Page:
Farm sales far from following usual trend
Two real estate agents say it would take nearly six years to sell the Waikato District’s farm inventory of 296 farms if sales continued at their current rate.
In their Rural Agent blog Stuart Gudsell and Sharon James, real estate agents at the Te Awamutu branch of PGG Wrightson, said there were 134 dairy farms, 128 grazing farms, 19 finishing farms, eight cropping farms, three horticultural blocks, two specialist livestock farms and two forestry blocks on the market.
Mr Gudsell, who has been in real estate for 12 years, told the Waikato Times the market was at the lowest point he had ever seen it as far as volume was concerned.
‘‘It ain’t flash; the statistics don’t lie,’’ he said.
Real Estate Institute of New Zealand figures, quoted by the pair show the Waipa was the only district in the Waikato to sell any farms in August with two sales. September saw two farm sales in the Waipa, one in the Matamata-Piako district and four in the Waikato.
In October one farm sold in each of the Matamata-Piako, Otorohanga, Taupo and Waipa districts.
Prices ranged from just under $1million to just over $3million.
In the July to September quarter, 100 lifestyle blocks sold in the region but 1296 remain on the market, which the agents estimate would take just over three years and three months to sell at the current rate.
They said if no more rural properties were listed in the Waikato it would take 299 weeks to sell every listed farm and 170 weeks to sell every listed lifestyle block.
Lifestyle block sales in the Waikato have again decreased when compared with a month earlier.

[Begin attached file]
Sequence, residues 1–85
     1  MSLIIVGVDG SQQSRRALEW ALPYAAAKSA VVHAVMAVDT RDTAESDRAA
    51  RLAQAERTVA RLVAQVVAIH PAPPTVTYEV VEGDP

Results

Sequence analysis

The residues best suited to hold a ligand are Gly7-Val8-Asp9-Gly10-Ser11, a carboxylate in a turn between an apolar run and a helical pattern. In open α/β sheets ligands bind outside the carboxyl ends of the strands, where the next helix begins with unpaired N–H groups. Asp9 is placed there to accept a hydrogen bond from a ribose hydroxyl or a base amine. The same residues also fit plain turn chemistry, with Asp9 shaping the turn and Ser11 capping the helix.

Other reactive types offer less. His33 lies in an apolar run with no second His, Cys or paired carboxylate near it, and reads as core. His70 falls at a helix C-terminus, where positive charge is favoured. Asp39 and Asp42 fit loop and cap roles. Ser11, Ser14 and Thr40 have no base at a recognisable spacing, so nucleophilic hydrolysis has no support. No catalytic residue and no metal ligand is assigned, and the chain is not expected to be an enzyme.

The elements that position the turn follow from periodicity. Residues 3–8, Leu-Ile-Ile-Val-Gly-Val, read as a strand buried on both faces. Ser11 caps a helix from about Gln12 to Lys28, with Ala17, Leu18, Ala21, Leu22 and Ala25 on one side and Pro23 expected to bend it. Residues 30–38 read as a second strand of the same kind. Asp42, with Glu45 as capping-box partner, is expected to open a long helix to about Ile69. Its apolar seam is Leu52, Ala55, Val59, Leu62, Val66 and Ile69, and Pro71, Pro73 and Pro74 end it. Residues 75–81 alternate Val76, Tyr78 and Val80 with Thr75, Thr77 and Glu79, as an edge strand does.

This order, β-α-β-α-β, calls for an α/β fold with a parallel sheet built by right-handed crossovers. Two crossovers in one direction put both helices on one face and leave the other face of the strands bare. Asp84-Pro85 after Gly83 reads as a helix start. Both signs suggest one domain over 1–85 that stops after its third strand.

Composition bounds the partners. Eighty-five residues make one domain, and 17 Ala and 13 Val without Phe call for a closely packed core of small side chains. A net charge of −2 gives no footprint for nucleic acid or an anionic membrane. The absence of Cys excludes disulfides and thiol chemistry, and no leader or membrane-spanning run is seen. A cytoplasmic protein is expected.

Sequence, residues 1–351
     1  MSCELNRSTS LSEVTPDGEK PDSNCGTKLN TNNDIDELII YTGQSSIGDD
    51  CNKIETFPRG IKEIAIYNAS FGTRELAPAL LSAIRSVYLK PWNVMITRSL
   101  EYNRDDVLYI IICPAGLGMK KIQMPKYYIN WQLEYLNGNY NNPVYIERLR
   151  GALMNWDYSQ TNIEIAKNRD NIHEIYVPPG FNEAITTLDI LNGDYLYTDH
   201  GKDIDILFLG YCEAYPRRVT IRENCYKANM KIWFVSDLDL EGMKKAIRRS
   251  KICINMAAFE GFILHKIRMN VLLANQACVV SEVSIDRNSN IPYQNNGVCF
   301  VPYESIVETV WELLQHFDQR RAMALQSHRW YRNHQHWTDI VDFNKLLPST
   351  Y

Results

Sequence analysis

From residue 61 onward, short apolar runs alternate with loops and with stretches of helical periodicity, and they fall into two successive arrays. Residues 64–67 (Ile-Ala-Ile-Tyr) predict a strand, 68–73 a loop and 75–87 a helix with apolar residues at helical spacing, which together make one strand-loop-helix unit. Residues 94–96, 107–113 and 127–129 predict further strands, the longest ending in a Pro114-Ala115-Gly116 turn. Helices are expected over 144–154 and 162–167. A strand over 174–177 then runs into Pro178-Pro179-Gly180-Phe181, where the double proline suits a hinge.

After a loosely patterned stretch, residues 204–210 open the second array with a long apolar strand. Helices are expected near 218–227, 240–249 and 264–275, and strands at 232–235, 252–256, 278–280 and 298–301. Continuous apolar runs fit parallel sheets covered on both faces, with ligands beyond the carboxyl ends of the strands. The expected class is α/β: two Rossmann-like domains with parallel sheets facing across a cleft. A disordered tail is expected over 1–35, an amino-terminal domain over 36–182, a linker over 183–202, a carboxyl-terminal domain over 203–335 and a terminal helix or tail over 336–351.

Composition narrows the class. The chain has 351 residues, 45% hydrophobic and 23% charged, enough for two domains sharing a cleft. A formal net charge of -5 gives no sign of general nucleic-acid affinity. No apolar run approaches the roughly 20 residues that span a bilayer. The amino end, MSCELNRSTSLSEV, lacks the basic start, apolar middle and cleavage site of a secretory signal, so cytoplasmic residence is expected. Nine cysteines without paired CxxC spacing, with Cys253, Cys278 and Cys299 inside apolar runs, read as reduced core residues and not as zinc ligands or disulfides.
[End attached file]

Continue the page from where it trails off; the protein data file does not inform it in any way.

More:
Total lifestyle block sales for October were 23, compared to 33 in September and 44 in August.
‘‘Needless to say this is not the direction the market traditionally tracks as we progress through spring to summer,’’ the pair said in their blog.
‘‘Cautious optimism is being felt in two of the Waikato’s districts; Otorohanga has achieved its first farm sale (finishing) in five months and Taupo (grazing) in six.
However with only four farm sales in the entire Waikato region for the month of October this optimism could of course prove to be premature.
‘‘ The other two sales were in Matamata-Piako (dairy) and Waipa (grazing).’’
Dairy farmers, while promised a good milk cheque with the lift in milk commodity prices, were still retiring debt following a couple of bad years and suffering from fallout from the global recession as were the typical buyers of lifestyle blocks who didn’t have enough confidence or cash to invest. Mr Gudsell said there would always be a few ‘‘over the fence’’ farm sales that didn’t make it into the Real Estate Institute’s figures but the percentage was very low.